SPM 08-11-2019: Heavy Rainfall over Central and Eastern Colorado

Issue Date: Sunday, August 11, 2019
Issue Time: 10AM MDT


Another round of heavy rainfall fell over El Paso, Pueblo and Teller Counties yesterday. A severe thunderstorm formed near and passed over Pueblo around 6PM, producing a 76 mph wind gust at Pueblo Memorial Airport. Heavy rainfall was reported to the NWS around the same time, with measurements between 0.62 and 1.0 inches over the city. The heavy rainfall caused the Arkansas River gage near Avondale to rise 2 feet into Action stage (shown below) over a 4 hour period, however waters have since then retreated back below Action stage. A little farther to the north a trained spotter reported heavy rainfall of 0.6 inches over Colorado Springs from as storm that moved off the higher terrain to the west. CoCoRaHS stations throughout Teller County reported 24-hour totals between 0.77 and 1.65 inches over the eastern and south-central portions of the county. A Flash Flood Warning was issued by the NWS over central Fremont County near Salida, with radar deriving up to 1 inch of rain over the area, however no flooding was reported. Up to 0.3 inches of rain fell over the Spring Creek burn area again yesterday, which issued an Areal Flood Advisory, but once again no flooding was reported.

Rainfall over the eastern plains favored the southeast, with a few isolated pockets of heavy rain over the Palmer Ridge and Northeast Plains as well. Storms were moving pretty fast to the east-northeast, but isolated storm totals were still impressive. Radar derived up to two inches of rainfall in an isolated storm over central Yuma County. CoCoRaHS stations issued three reports of heavy rainfall over Prowers and Bent Counties, with 24-hour totals measuring between 0.9 and 1.41 inches. Light rain fell throughout the Urban Corridor and Front Range as well, with CoCoRaHS stations measuring up to 0.32 inches in Larimer County near Fort Collins.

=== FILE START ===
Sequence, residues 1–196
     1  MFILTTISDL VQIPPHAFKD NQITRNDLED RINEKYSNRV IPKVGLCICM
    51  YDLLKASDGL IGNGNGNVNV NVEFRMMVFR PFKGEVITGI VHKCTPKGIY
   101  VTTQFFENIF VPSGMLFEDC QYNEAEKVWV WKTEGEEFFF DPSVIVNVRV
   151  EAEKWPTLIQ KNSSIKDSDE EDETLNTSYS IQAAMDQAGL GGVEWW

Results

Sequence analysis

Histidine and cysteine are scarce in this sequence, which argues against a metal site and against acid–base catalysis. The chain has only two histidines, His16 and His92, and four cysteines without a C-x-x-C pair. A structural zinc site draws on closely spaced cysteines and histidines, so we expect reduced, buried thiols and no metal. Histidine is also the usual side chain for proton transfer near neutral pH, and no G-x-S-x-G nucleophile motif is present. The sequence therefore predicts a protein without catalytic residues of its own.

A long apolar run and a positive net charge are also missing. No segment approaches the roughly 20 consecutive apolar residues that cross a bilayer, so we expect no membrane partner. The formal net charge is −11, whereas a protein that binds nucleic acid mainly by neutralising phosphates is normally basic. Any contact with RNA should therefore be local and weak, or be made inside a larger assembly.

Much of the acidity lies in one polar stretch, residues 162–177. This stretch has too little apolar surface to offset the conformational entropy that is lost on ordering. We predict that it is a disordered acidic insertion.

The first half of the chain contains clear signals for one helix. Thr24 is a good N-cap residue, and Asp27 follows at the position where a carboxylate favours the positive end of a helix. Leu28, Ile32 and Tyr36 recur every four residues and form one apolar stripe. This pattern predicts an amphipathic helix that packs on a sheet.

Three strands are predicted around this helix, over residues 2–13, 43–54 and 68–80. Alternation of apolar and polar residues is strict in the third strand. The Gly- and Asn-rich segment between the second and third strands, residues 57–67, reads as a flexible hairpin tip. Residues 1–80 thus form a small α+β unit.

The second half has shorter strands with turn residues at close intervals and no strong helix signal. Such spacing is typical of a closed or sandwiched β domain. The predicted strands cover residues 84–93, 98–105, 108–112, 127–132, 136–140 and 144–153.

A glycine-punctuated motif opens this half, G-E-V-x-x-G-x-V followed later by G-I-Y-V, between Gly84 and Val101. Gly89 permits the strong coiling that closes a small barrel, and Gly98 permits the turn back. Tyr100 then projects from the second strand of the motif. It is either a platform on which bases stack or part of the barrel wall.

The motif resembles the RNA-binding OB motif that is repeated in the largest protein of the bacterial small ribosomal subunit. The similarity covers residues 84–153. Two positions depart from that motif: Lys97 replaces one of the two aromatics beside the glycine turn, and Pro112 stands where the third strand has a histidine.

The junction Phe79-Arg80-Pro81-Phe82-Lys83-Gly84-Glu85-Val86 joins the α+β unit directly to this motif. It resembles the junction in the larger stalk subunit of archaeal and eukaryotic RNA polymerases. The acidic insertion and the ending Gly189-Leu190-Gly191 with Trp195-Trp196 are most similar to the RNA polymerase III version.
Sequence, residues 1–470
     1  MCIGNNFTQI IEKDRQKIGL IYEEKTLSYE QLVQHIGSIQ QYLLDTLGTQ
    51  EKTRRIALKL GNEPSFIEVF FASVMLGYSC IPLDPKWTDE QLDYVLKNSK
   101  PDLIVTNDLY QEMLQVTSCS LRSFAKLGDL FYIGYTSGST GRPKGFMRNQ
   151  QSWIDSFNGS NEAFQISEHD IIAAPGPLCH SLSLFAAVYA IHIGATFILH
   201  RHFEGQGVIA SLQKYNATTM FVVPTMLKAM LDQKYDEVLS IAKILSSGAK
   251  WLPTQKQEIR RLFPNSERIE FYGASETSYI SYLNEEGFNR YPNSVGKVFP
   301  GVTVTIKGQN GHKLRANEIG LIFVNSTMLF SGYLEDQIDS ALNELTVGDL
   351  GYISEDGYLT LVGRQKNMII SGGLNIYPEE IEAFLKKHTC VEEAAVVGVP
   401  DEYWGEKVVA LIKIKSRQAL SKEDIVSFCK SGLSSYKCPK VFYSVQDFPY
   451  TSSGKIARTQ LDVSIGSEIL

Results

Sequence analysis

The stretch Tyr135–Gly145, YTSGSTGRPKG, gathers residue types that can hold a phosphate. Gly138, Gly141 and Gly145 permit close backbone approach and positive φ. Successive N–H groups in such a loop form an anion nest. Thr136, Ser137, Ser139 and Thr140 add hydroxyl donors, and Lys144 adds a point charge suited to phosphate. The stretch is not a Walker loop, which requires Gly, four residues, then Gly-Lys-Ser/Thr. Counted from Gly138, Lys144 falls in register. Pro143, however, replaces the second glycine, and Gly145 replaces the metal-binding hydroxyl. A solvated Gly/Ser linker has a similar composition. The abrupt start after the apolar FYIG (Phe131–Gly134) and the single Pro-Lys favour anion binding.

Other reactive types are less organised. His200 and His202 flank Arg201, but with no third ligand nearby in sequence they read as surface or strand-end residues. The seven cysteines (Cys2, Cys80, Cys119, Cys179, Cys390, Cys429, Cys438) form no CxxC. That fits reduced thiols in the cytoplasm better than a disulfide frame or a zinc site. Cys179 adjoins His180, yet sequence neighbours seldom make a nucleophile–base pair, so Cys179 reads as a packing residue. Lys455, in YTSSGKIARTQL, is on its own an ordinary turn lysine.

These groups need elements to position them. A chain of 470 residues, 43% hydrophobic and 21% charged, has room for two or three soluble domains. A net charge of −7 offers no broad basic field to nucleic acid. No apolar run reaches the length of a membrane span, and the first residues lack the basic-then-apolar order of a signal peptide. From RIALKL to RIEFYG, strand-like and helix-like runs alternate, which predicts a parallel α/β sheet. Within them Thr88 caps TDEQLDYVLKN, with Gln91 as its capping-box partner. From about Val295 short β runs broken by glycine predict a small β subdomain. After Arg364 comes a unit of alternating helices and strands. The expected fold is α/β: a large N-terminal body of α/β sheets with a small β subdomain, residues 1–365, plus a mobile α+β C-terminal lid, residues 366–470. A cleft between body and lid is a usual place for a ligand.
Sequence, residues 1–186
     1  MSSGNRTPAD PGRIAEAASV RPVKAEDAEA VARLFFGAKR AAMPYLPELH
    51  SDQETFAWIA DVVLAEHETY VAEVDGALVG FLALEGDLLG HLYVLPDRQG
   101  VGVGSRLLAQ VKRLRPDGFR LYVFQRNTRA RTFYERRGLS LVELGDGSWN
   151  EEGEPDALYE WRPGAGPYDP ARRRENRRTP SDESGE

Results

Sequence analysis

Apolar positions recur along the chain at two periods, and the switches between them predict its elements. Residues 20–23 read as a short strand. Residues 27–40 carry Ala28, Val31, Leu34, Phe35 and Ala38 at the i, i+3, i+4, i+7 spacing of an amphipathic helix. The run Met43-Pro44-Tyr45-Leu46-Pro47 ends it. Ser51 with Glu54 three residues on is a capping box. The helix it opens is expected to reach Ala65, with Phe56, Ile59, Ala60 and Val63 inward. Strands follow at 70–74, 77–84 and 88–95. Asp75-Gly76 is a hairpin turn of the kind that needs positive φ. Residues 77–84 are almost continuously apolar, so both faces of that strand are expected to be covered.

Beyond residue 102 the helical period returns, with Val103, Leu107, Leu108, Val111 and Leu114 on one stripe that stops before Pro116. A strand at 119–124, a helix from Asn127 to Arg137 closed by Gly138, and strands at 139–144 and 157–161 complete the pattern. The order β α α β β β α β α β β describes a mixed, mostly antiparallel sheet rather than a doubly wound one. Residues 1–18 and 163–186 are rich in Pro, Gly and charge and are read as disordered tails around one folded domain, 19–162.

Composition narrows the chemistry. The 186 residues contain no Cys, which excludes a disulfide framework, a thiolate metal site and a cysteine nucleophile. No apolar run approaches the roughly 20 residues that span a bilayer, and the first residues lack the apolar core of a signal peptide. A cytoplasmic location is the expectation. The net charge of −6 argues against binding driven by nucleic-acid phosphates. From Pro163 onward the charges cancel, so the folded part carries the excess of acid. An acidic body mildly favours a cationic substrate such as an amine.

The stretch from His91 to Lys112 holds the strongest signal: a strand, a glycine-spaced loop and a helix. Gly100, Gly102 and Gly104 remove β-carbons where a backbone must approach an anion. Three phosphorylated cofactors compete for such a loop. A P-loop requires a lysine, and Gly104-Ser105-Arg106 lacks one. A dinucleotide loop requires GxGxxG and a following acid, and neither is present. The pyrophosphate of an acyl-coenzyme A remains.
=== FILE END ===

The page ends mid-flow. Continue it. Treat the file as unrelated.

Over the west things were a little drier, with rainfall favoring the San Juan Mountains and Central Mountains. 24-hour totals in Archuleta County near Pagosa Springs had the highest total accumulation once again for the region, measuring 0.39 inches. Eastern and Central Saguache County had higher totals again today, measuring up to 0.42 inches. Alamosa saw rain for the third day in a row now, with CoCoRaHS measuring up to 0.1 inches. The Northwest Slope and Northern Mountains stay dry yesterday due to dry air intruding from the west.

For a look at precipitation over your area, please visit the State Precipitation Map below.

Click Here For Map Overview

The map below shows radar-estimated, rainfall gage-adjusted Quantitative Precipitation Estimates (QPE) across Colorado. The map is updated daily during the operational season (May 1 – Sep 30) by 11AM. The following six layers are currently available: 24-hour, 48-hour and 72-hour total precipitation, as well as maximum 1-hour, 2-hour and 6-hour precipitation over the past 24 hour period (to estimate where flash flooding may have occurred). The 24-hour, 48-hour and 72-hour total precipitation contain bias corrections that are not disaggregated into the hourly estimates, so there will likely be some differences. The accumulation ending time is 7AM of the date shown in the bottom right corner. Also shown optionally are vulnerable fire burn areas (post 2012), which are updated throughout the season to include new, vulnerable burn areas. The home button in the top left corner resets the map to the original zoom.